CF104 - Personal Learning Statement

What do you think you have gained from the course?

CF104 on the Mysteries of Life and Death was an excellent module. I learnt so much about things I did not know and always had an interest in learning about further. The module initially took me back to my 14 years where we covered a whole term on the '7 Sacraments' in high school. Of course, as Fr Ian Graham pointed out, there are more than seven sacraments, and depending on which Holy Father we cite the list can be quite long.

Fr Ephrem Lash's discussion on baptism was an eye opener. I very much appreciated the opening lectures that catapulted me back to the first baptisms and what they might have looked like/entailed in the Orthodox Church. Fr Ephrem sharply contrasted today's baptisms with those of the Early Church. We need to get out of our comfort zone today- a baptism is not an excuse for a 'gathering' or 'party' etc. His strong statements have repeated in my thoughts many a time during this course. I also liked again the reminder that baptism is a 'seal of God'.

Dr Marcus Plested's lectures on St Cyril and St Ambrose of Milan provided much in terms of mystagogy, a term I had never heard of before. I particularly liked his lecture on St Ambrose of Milan.

I found myself reflecting much on being baptised as an infant, on the Book of Needs and all contained therein, on the funeral service, on the question of what happens to us when we die (funeral service, burial, prayers for the departed, and judgement).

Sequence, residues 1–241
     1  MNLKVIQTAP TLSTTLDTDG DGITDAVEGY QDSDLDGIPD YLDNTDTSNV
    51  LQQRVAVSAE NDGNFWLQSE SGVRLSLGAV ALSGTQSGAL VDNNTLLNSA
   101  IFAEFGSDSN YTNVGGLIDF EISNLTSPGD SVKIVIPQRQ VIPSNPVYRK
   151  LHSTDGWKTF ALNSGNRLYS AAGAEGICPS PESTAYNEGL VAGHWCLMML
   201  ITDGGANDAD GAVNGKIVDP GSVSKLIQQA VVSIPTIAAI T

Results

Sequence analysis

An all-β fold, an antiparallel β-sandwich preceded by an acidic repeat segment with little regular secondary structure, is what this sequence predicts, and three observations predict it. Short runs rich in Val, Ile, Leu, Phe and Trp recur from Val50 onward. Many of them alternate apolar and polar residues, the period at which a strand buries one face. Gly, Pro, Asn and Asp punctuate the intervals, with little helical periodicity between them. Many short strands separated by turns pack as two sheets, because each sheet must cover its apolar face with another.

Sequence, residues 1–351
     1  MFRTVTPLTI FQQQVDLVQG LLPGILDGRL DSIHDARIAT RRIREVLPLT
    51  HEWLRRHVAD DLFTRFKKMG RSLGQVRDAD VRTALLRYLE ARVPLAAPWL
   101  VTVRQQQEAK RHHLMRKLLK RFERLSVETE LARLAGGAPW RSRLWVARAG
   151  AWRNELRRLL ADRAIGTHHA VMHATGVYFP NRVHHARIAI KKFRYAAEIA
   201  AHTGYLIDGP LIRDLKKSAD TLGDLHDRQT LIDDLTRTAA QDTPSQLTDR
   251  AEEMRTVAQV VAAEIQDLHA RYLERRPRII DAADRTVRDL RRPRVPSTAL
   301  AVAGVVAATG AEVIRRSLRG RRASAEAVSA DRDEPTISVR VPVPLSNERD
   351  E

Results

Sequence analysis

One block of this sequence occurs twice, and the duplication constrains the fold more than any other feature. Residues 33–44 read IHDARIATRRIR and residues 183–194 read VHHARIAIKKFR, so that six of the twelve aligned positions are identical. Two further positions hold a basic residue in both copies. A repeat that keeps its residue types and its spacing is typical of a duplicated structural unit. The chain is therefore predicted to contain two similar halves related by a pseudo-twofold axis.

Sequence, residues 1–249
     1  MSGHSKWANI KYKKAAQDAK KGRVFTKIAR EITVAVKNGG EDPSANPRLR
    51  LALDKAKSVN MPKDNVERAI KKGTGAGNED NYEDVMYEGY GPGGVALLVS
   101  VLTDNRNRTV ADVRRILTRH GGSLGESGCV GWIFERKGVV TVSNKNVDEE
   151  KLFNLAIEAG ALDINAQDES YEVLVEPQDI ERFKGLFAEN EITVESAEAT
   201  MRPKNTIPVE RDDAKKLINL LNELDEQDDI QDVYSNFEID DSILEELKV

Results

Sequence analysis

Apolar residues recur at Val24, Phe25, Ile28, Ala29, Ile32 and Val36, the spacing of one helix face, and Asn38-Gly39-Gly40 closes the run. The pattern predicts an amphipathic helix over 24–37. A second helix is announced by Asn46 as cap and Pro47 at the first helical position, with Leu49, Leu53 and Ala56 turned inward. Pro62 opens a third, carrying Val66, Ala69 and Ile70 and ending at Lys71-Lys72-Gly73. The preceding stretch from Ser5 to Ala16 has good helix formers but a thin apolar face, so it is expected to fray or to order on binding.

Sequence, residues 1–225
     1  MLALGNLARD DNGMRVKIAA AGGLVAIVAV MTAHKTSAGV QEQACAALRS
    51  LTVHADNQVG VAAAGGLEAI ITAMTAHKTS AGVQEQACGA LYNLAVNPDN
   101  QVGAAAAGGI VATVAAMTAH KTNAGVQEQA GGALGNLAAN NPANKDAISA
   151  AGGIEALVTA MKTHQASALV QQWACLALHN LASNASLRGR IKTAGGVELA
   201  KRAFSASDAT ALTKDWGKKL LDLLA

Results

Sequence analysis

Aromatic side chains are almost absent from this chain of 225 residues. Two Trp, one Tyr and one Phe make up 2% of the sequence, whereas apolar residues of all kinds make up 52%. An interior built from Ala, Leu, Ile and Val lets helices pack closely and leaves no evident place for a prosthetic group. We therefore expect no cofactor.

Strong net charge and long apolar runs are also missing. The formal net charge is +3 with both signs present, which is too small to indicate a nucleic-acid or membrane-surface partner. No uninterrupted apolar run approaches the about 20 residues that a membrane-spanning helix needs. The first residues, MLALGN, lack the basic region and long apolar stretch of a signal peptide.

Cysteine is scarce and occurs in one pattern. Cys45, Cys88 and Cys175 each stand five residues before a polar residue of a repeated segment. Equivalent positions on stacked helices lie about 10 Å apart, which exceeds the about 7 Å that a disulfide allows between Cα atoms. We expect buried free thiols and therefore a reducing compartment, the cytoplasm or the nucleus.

The lecture on the importance of prayers during illness, the need to visit the sick, and the service of the anointing rang home personally. The discussion on exorcisms was also interesting.

Without a doubt my favourite lecture was the last one on Christian Ethics in daily life by Professor David Frost. There were statements in that lecture that brought comfort to me personally and would have hoped to listen to when I was in my teens. I would have to say that Professor Frost is one of the most honest lecturers I have ever come across, but that should not surprise me given his topic of discussion. I listened to his talks many a time, and still appreciate revisiting them when I feel the need. Classic Frost. What a blessing to our Orthodox community!

Please comment on any unanticipated outcomes of the course

CF104 on the Mysteries of Life and Death was personally confronting. We have been so loved by God that we have been given a life to live. The gift of life is so precious.

In the very last week of this module my Aunt Eleftheria slept in the Lord. The lectures reaffirmed to me the promises of God, and that things do not end in this life with death. I was comforted especially during the first days of mourning her loss.

In completing the readings for this Course I came across the incredible contributions by H. Tristram Engelhardt, Jr at Rice University in the Philosophy Department http://philosophy.rice.edu/content.aspx?id=90 Amazingly, I have come across Engelhardt's work in my general research work in the field of technology and ethics but I had never made the connection between Engelhardt being an Orthodox Christian. I will have to get in touch with him now that the module is completed. What a beautiful discovery this was for me!

Did the course change your view of the topic and, if so, in what way?

Previously, I would not have tied the Sacraments to a topic on the Mysteries of Life and Death. I took a few days to reconcile this integration of ideas as one valuable learning. What is our life if not Sacramental?